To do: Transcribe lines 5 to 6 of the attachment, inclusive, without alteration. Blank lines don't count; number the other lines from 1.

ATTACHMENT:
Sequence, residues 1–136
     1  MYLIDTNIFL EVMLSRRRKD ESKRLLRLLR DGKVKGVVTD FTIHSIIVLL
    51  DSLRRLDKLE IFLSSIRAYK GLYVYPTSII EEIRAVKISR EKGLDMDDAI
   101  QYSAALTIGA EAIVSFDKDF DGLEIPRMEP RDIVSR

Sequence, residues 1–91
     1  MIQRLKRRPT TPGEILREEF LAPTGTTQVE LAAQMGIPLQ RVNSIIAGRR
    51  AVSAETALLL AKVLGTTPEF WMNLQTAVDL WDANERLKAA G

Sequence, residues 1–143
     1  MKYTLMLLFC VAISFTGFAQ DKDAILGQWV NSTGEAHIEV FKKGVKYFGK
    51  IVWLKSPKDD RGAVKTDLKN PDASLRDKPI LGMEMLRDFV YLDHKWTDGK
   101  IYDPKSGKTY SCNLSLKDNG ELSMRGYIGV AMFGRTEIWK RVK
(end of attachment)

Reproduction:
Sequence, residues 1–91
     1  MIQRLKRRPT TPGEILREEF LAPTGTTQVE LAAQMGIPLQ RVNSIIAGRR